The dosage of each product is also slightly different, so remember to refer to the label on your purchase.
That said, most conditioners will require you to use a drop of conditioner for between 0.5 to 2.5 gallons of water or 0.5 to 1 teaspoon for every 10 gallons of water. You’ll only need to add the amount to the water you intend to replace in your tank and not the whole volume.
Another solution that might work as well as conditioning is passing your tap water through an under sink RO filter, but make sure it is a quality model that is designed to remove chlorine, chloramine, and ammonia.
A simple faucet or under-the-counter drinking water carbon type filter will work as well if you make sure your water is allowed enough contact time with the filtration media.
Because chloramine exhaust carbon much faster than regular aquarium water, ensuring you purchase a tap-water unit that has an indicator that tells you when its time to change your cartridge is recommended.
One last hack that might help is aerating your fish tank water with an air pump before adding your fish to the tank. The circulated current will aerate your fish tank and help remove chlorine.
How to Remove Heavy Metal From Water For Aquarium Use
Tap water from local departments has trace minerals and heavy metals together with chlorine and chloramines. And albeit many of these elements not being harmful to fish per se, some like copper and iron are known to cause serious harm to fishes like koi and inverts such as shrimp and snails.
Miinerals like phosphates and silicate also encourage algae growth by providing them with nutrients to feed on. Calcium, on the other hand, forms a white residue on aquarium glass surfaces, which although not harmful to fish, can be quite unsightly and filthy.
For that reason, expelling these minerals and metals from tap water when in excess amounts is recommended.
Some water conditioners can detoxify heavy metals, allowing them to precipitate so they can be removed by your filtration. But you will need to have a chemical filter media for superior efficacy.
Use chemical sponges that will remove metals as water passes through them. Products like Poly filters or resin-based water purifiers work great at removing unwanted trace elements.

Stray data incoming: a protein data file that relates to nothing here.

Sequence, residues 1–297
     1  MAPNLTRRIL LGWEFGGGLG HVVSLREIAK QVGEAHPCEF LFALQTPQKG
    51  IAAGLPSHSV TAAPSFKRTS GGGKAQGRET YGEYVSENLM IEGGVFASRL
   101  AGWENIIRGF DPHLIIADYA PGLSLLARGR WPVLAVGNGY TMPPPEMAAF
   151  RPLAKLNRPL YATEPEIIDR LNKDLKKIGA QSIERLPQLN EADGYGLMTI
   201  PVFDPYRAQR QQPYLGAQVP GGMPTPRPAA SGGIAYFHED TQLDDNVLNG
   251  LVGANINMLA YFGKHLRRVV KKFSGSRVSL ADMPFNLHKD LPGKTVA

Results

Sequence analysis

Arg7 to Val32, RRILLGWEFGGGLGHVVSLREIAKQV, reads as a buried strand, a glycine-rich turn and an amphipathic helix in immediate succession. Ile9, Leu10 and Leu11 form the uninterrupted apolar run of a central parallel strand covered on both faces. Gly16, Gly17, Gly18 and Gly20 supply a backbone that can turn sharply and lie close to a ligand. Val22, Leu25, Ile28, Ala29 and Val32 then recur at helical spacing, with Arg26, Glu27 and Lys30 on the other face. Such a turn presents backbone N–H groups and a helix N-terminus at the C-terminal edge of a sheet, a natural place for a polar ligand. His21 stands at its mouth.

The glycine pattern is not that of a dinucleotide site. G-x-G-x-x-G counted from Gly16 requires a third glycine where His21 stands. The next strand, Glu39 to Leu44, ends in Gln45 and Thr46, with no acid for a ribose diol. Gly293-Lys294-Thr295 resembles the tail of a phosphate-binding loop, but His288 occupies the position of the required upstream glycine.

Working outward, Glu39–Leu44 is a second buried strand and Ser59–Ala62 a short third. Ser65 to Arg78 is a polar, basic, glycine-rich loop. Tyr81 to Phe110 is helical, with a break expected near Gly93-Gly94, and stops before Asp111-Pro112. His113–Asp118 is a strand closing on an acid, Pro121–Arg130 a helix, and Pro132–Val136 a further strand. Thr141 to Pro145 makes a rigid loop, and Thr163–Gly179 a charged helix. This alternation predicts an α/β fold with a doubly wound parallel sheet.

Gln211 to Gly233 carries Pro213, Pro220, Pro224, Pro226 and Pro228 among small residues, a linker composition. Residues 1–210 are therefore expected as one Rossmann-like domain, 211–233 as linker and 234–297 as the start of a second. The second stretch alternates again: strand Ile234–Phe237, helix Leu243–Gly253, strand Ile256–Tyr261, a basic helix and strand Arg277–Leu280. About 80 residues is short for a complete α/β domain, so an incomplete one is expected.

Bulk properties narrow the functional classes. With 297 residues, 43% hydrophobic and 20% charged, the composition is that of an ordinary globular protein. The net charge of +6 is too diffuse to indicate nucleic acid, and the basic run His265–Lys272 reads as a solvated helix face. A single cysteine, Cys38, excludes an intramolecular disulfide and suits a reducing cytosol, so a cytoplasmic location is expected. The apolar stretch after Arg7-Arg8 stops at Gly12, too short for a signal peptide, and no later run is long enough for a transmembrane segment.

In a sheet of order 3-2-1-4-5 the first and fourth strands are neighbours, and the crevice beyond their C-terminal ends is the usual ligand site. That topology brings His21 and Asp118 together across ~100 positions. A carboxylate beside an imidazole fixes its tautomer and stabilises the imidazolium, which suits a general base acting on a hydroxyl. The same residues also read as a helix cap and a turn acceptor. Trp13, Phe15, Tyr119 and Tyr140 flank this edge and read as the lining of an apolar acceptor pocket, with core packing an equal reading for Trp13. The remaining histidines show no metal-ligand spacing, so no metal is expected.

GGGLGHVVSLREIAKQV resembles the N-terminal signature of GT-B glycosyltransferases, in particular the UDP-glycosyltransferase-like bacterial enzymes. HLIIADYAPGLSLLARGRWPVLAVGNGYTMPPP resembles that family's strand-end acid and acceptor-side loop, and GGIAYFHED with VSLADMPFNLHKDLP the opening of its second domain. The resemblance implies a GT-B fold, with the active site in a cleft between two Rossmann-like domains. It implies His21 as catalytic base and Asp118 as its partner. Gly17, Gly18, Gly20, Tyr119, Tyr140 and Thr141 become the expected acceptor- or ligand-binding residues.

Poly filters are a specially formulated material bonded to a synthetic matrix that can absorb and adsorb contaminants and other toxic materials. They’ll remove heavy and normal organic loads, ammonia and nitrites, heavy metals (copper, iron and free copper iron, aluminum, lead), phosphates and tannins, and humic acid.
If filters do not work as you expected, use your under sink RO drinking water filter to rid the metals, then remineralize your water by adding items such as seachem replenish, and potassium bicarbonate, baking soda (sodium bicarbonate) or alkaline (acid buffers) to maintain the right ph.
Can You Use Purified (Bottled) Water For Your Fish Tank
Purified water is water that has been filtered or processed to remove impurities like chemicals and other contaminants, usually produced from ground or tap water.
Bottled or RO water is sometimes used interchangeably with purified water. But in some countries where public drinking water is filtered and processed, the term might also encompass unbottled or RO sources.
That said, purified water like any water will support aquatic life in aquariums, but in the case of reverse osmosis water, it lacks minerals essential to your fish’s development.
This means that if you decide to add water from a RO source in your fish tank, you will also need to remineralize it with products like replenish and ph buffers, and even conditioners to create an ideal environment for your fish.
Please note that keeping your fish in water that lacks these essential minerals and no buffering capacity will gradually kill your fish, even if the effects are usually not apparent in the beginning.